The latest addition to my website is Wilson Harris‘ The Guyana Quartet. This consists of four relatively short novels, all set in the Guyana jungle, and it is generally considered Harris’ masterpiece. The first novel, Palace of the Peacock, is, in my view the best and tells of the journey of a motley crew of men, working for a hard and cruel man called Donne. Donne’s native workforce has run away because of his cruelty and Donne and his men set off to get them, on a journey that it is not too dissimilar to Herzog’s Aguirre, Wrath of God. The story is narrated by Donne’s unnamed brother, who lives in something of a dream world. The further away the crew get from civilisation, the stranger they and the environment becomes
The second book, The Far Journey of Oudin, starts with the dead Oudin wondering why he is dead and then tells us of events up to his death. He had worked for the devious Ram, who had hired him out to Mohammed, a man who, with his brothers, had conspired against his father and his half-brother, to gain their father’s inheritance but had to pay a bitter price for it. In the second half of the book, Oudin will meet Beti and will half-abduct her. The pair will set out on a mythical journey through the wilderness.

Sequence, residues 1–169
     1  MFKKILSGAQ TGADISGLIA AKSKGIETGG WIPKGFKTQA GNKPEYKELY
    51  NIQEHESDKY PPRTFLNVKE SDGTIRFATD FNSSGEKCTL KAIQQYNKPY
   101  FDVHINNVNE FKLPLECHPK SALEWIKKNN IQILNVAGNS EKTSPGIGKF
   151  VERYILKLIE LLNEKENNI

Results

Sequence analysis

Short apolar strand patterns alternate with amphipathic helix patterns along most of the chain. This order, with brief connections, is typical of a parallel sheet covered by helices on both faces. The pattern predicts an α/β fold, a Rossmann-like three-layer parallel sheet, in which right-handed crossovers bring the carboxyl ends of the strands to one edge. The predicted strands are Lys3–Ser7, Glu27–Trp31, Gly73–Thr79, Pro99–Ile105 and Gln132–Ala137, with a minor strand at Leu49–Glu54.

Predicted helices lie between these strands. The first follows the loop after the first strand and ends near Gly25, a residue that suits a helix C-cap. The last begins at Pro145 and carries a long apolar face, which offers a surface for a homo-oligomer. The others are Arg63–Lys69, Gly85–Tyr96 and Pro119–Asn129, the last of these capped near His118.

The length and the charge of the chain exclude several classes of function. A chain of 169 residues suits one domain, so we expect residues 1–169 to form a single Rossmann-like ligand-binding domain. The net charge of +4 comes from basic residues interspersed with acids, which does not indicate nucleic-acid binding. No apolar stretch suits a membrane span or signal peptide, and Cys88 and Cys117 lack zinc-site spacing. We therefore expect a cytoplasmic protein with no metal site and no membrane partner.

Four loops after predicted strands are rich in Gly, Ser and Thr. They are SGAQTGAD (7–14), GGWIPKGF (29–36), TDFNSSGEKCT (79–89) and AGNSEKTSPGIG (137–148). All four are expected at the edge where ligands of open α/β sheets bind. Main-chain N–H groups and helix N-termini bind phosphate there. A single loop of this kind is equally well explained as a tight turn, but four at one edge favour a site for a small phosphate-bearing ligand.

The third book, The Whole Armour, is a simpler novel. Magda, the best whore in the area, asks one of her clients Abram, to shelter her son Cristo, who has killed a man and is wanted by the police. When Abram disappear, Magda fears the worst, but it seems he has been killed by a tiger. When Magda and Cristo find the body, Magda persuades Cristo to take Abram’s clothes and then reports Criato as dead. In the second half of the book, Sharon, the woman whom Cristo and his victim had fought, is now with Mattias but he is killed by Peet, her father, and Sharon, on learning that Cristo is alive, gets back with him. However, the police are onto him.